Village & sports during childhood : The Tribune India

The Inward Eye

Village & sports during childhood

Wrestling was a part of the sports calendar. The crowds, the noise, spectacle of ‘pehlwans’ in ‘langots’ — it is all a fond memory. Come summer and village teenagers and their seniors would come out to play kabaddi. With time, volleyball was added. I can’t forget ‘nakuls’, mostly purveyors of crass comedy and satire who hit out at well-known persons and low-level govt functionaries. And, of course, Hoshiarpur mango sessions

Village & sports during childhood

Photo for representational purpose only.

Gurbachan Jagat

Sitting on the shoulders of my uncle, we wended our way to fields outside the village. As we neared the place, the noise levels increased and there was palpable excitement in the air. I was very young and kept on pestering my uncle regarding our destination. He kept on saying that we were going to a “Chhinj” — I had never heard the word before but he soon enlightened me by saying it was a series of wrestling matches in which young men of the area would participate. There was a huge number of people, forming a big circle in the middle of which was the ‘akhara’. It was just a place dug up so nobody would get hurt. Some bouts had been announced earlier and some took place whenever a ‘pehlwan’ entered the arena and issued a challenge. The bouts began, the ‘pehlwans’ in their ‘langots’ and the crowd in full cry. The match ended when one of them was pinned down with his shoulders touching the ground. In the meantime, the men in colourful ‘kurtas’ and ‘tehmets’ moved about cheering their candidate. There was no betting or gambling, but people kept on giving small amounts of money to encourage their candidates. It was a festive atmosphere, free of tension and liquor (hardly anyone drank in those days). The crowds, the noise, the strange spectacle of ‘pehlwans’ in ‘langots’overawed me and remains a fond memory.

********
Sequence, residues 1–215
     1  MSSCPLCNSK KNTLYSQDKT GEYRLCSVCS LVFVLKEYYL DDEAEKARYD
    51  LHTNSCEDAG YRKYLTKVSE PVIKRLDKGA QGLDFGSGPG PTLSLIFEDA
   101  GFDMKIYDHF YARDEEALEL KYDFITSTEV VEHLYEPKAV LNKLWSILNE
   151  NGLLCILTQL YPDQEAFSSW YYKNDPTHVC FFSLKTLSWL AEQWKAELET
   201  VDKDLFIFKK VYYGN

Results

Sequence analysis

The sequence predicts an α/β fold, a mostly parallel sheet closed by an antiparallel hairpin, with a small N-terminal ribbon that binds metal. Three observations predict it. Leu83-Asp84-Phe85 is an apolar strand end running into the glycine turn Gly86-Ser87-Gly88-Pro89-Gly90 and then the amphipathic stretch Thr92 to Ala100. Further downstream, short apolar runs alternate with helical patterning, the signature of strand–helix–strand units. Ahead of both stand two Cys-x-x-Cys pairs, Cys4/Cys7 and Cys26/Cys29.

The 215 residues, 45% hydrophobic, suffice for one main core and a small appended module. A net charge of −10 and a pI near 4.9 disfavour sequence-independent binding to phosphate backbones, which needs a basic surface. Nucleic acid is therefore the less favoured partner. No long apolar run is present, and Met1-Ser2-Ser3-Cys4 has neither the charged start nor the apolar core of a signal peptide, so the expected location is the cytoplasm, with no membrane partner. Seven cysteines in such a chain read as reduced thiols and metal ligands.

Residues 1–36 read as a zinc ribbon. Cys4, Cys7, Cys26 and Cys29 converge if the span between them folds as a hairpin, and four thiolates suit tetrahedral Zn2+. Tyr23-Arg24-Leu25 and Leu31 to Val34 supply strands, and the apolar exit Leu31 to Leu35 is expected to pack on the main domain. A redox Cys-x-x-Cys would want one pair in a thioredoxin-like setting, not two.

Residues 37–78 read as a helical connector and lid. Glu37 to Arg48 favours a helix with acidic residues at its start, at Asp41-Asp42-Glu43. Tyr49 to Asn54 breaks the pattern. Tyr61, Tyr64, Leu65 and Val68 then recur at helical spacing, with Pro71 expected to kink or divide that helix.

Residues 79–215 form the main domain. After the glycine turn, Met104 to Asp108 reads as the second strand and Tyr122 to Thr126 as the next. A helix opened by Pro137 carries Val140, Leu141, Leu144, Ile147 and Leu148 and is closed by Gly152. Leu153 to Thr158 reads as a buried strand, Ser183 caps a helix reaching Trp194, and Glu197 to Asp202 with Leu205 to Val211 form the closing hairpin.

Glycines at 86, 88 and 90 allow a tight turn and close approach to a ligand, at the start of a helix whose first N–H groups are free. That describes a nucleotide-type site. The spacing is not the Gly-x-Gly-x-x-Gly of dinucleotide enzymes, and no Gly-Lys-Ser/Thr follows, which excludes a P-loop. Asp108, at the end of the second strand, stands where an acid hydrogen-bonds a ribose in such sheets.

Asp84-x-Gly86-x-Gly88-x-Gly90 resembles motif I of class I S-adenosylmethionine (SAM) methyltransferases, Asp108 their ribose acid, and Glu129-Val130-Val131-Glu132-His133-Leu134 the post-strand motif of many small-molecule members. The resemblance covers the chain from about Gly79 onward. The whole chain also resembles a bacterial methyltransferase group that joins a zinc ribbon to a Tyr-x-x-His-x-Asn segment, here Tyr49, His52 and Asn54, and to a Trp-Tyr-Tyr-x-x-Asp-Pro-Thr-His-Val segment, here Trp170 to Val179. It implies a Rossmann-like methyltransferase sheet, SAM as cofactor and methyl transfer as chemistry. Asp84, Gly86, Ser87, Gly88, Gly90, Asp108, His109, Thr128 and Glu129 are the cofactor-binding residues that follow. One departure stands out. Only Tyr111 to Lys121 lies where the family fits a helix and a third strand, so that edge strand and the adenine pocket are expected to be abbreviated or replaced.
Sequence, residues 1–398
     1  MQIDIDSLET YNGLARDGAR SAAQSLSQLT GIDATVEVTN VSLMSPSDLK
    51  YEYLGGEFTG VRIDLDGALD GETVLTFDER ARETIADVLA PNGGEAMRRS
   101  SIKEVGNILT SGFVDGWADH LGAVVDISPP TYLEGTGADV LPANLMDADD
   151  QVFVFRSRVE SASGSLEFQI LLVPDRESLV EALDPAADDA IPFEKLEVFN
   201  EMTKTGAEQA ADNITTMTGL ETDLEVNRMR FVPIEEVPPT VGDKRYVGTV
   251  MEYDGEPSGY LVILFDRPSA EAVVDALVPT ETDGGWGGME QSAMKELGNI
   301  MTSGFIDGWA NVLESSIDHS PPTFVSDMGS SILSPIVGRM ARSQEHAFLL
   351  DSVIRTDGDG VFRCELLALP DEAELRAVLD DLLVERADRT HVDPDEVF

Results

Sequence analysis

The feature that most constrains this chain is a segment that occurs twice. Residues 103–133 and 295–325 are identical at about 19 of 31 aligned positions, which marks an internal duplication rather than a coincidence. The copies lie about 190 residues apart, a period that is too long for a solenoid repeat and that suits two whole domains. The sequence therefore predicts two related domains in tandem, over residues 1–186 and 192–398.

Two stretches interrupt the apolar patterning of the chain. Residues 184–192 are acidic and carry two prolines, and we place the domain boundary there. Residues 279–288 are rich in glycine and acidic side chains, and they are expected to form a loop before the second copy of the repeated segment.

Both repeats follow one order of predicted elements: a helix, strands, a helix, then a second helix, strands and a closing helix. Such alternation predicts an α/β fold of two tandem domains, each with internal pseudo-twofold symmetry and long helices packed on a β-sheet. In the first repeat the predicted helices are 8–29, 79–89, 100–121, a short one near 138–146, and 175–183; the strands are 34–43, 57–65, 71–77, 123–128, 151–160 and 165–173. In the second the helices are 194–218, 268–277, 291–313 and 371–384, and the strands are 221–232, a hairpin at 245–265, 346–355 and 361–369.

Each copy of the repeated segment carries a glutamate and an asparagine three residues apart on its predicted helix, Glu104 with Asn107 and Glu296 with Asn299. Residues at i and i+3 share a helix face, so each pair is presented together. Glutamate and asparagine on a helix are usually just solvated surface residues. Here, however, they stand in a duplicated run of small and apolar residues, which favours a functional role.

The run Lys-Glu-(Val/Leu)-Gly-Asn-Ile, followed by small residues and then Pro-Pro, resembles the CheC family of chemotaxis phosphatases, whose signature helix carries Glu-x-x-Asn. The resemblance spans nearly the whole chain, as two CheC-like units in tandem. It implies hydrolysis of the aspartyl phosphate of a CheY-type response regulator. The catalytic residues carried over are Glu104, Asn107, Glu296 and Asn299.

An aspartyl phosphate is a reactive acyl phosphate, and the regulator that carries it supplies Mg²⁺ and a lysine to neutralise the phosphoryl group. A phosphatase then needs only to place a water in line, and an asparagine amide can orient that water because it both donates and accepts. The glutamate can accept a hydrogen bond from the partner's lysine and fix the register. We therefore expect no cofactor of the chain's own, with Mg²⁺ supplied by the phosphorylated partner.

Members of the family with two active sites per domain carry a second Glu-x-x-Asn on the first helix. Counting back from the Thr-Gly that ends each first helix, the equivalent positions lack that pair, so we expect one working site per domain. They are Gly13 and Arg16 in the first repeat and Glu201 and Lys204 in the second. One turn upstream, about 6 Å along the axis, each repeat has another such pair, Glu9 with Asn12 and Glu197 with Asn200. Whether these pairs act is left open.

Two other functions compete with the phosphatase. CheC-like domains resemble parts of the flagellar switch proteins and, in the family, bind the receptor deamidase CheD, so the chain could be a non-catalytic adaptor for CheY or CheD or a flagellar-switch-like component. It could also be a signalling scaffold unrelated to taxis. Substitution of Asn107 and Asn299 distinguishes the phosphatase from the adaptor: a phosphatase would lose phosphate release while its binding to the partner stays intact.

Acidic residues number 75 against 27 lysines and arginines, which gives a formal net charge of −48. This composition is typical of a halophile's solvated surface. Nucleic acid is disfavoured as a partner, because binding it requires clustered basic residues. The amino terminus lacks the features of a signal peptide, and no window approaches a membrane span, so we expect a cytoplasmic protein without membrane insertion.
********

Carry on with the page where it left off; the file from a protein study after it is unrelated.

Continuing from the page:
Such were the sports and entertainment in which everybody would join in. Come summer and the village teenagers and their seniors would come out to play kabaddi in the evenings as it cooled down. They would choose a field near the village and plough it thoroughly so it became soft. Then the boys would come out in all their finery i.e., only their undershorts or ‘kaccheras’, their bodies well-oiled and legs shaven. They would divide themselves into two teams and strut about. The matches were well contested — again, no betting. After some days, a village team was selected to participate in tournaments in the area. They feasted on milk, butter and ghee in preparation for the tournament, which normally lasted a day or two because matches were played continuously.